1. LAs, including their elected members, know their schools and communities well and are in a unique position to develop and support school improvement models which both support schools and are supported by them. Furthermore they are democratically accountable in a way that academy chains are not. The NUT hopes that the Select Committee recognises the huge importance of putting local authorities back at the heart of school improvement practice.

The NUT believes that the London Challenge provides an example of a sustainable approach to school improvement that has resulted in the capital’s schools, one suffering a poor reputation, being highly regarded and a model for others. The NUT has set out its case in its evidence to the Education Committee Inquiry into ‘School Partnerships and Cooperation. A summary of the record of the challenge by the DfE Evaluation Report’s lead author is also available on the NUT website.12
London Challenge was not only highly successful; it was also, unlike the academies programme, extremely cost effective. Over three years the funding for City Challenge was £160 million, considerably cheaper than the £8.5 billion reportedly spent on the academies programme over two years.
Ignoring cost-effective school improvement options and promoting costly and contentious ones should not be countenanced by Ministers at a time when budgets are under pressure.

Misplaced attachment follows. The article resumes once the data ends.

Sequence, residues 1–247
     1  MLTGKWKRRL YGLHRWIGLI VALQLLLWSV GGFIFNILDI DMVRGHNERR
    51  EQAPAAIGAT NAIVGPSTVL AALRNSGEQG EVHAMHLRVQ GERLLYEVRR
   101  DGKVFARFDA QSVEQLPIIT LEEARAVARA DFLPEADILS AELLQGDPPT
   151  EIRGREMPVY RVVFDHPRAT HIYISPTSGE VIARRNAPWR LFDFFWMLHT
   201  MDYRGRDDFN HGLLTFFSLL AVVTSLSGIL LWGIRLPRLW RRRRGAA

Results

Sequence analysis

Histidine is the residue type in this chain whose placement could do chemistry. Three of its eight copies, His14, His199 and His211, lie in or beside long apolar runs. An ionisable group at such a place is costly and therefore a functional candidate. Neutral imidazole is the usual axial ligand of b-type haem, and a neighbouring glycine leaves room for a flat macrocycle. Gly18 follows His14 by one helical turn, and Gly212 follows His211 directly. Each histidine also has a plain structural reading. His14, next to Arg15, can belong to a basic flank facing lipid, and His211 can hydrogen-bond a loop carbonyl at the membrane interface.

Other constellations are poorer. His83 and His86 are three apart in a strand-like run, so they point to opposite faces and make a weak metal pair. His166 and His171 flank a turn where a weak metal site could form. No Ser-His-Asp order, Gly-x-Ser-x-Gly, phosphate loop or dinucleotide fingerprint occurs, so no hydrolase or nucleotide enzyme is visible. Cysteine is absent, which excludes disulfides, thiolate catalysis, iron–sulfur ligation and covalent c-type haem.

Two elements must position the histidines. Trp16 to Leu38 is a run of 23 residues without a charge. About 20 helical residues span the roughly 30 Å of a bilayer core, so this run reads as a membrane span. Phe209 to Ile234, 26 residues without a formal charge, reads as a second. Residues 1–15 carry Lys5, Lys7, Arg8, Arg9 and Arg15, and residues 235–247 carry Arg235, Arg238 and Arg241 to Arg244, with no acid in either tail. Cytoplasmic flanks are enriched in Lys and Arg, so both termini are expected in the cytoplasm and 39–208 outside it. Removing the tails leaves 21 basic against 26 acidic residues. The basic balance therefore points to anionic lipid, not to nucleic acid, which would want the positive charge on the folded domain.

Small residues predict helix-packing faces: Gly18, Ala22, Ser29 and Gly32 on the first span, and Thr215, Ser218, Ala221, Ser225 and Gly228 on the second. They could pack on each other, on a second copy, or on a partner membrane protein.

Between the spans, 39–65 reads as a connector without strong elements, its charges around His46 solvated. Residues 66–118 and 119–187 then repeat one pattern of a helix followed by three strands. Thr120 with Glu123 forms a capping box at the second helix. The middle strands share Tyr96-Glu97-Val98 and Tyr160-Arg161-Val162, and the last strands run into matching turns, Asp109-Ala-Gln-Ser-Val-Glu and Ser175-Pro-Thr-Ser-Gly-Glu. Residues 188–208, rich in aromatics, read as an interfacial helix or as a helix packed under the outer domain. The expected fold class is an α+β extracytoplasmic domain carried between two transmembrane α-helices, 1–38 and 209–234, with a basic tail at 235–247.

The NUT believes that the process for approving and establishing free schools lacks transparency, ignores the evidence on the need for new school places locally and fails to take account of the impact of free schools on neighbouring schools.
The NUT’s evidence to support this view are set out its recently published document, ’Free Schools, Free for All’ which is available on the NUT’s website.13

1DfE ‘Sponsored Academies Funding: Guidance for Sponsors’ [Accessed 16 December 2013].

2 The NUT’s evidence on free schools is set out in full in its recent publication, ‘Free Schools, Free for All?’ published September 2013. See [Accessed 16 December 2013].

3 See wave 1 impact assessments at

And wave 2 impact assessments at: - [both sites accessed 16 December 2013].

4 See report in Guardian, 04.11.13 at: and the statement by the school’s governors and managers at:

[both links accessed 16 December 2013].

5 Warwick Mansell, Education in Brief, The Guardian, 22.07.13 [Accessed 16 December 2013]

6 Union’s concerns over education advisers’ potential conflicts of interest, BBC new website, [Accessed 16 December 2013]

7 See Local School Network report at [Accessed 16 December 2013].


9 Reported in the Guardian, 25.03.13

10 ‘County Chief Tells Gove to Halt ‘Academy Broker’ Visits’, BBC News Website, 23 April 2013, [Accessed 16 January 2013].

11 ‘Roke Primary School placed in special measures by Ofsted amid teacher exodus ahead of Harris Academy conversion’, Croydon Guardian, 7 June 2013, [Accessed 16 January 2013].

12Why is attainment higher in London than elsewhere? Professor Merryn Hutchings, Institute for Policy Studies in Education, London Metropolitan University, [Accessed 16 December 2013].

13 ‘Free Schools, Free for All?’, NUT, September 2013,

Nut Evidence To The Education Committee Inquiry Into The Academies Programme,

December 2013.CD